Strips of bills of different denominations
2.3 × 5.9 inches
The piece was produced by cutting two millimeter strips from the edges of differently valued bills, then combining the strips from many bills in order to create a new one. This mechanism sprang from an interest in creating a version of this economic tool, based on tiny “thefts” from the currency of different countries, which were put into circulation after parts of them had been removed.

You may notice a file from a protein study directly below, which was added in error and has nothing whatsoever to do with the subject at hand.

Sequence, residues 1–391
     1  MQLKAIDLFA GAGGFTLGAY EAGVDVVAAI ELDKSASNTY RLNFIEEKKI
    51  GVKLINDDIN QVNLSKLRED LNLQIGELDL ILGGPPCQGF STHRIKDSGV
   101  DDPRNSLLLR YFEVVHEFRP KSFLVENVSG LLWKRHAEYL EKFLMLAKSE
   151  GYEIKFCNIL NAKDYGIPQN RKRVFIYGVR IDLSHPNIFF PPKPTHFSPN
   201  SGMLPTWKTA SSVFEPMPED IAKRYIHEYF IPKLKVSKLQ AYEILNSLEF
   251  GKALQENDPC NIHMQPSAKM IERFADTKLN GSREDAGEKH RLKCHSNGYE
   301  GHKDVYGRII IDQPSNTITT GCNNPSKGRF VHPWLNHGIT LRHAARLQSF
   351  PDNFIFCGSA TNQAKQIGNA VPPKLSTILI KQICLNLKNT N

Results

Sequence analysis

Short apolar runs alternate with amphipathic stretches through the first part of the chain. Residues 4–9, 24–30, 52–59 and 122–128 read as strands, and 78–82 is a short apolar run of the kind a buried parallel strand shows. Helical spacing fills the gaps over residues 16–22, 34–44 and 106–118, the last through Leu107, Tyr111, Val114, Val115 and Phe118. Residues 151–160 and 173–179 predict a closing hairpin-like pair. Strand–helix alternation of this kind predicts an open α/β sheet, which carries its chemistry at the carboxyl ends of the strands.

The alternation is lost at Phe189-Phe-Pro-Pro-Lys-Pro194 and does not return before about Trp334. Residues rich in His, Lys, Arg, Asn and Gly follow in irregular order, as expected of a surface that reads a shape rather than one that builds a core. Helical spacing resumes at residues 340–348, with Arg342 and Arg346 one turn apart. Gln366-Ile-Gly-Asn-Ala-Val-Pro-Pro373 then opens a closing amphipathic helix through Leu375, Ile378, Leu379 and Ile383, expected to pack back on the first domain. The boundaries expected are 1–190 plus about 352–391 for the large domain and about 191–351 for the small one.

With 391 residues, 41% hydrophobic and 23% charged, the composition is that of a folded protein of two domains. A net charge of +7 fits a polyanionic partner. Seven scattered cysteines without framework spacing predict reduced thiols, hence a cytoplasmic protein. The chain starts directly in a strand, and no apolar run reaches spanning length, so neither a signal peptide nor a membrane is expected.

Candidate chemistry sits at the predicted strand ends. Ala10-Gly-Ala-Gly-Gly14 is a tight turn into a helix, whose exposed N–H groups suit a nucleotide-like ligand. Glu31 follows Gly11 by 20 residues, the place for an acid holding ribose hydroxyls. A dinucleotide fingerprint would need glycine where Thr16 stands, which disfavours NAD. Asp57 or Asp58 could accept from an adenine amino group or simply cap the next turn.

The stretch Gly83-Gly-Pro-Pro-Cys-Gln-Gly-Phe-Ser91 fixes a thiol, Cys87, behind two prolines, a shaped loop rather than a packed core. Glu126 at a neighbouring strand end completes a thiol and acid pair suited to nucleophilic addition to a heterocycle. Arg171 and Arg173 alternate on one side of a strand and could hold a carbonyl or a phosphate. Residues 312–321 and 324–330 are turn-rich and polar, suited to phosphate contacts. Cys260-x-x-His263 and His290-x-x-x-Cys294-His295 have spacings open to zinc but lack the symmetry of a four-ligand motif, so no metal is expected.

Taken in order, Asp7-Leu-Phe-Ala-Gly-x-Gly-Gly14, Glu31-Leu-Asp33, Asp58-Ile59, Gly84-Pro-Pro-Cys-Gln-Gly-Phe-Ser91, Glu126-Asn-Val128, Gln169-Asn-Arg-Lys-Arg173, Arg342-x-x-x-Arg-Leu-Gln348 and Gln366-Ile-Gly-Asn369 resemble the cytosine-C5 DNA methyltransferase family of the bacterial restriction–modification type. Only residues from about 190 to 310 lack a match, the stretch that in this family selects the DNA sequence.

Fritzia Irizar is among the Mexican artists to have best understood the critical possibilities of minimal gestures. Pilferage involves a deceptively simple subversion: it is based on the kind of idea that strikes only rarely, an idea with a spontaneous inventiveness that evokes an entire process. Cutting a tiny fraction from many real bills and fashioning a new one from the pieces has the air of a good joke, but in our present age of huge tax frauds in the business sector and financial catastrophes that destroy millions of people’s lives, an allusion to imperceptible theft acquires unusual power. One smiles to think that the new bill, although made from the same material, will never be as valuable as the real one. But common sense is sometimes wrong. Reality is different. The new bill, in its status as a work of art, is probably worth hundreds of times more than any single bill, and it is also liable to become an object of speculation for collectors, museums, etc. Its value may grow exponentially. Irizar has performed an act of financial alchemy that would make any wolf of Wall Street proud. I wouldn’t be surprised if this work became a classic, an emblem of sorts, representing a decade in which our awareness of the global economic system’s catastrophic dysfunctionality increased in painful measure. We are hurt not only by the defenselessness to which neoliberal economics have subjected us. Pilferage, too, takes advantage of our difficulties and shows us the unbearable immensity of our own world, the human world.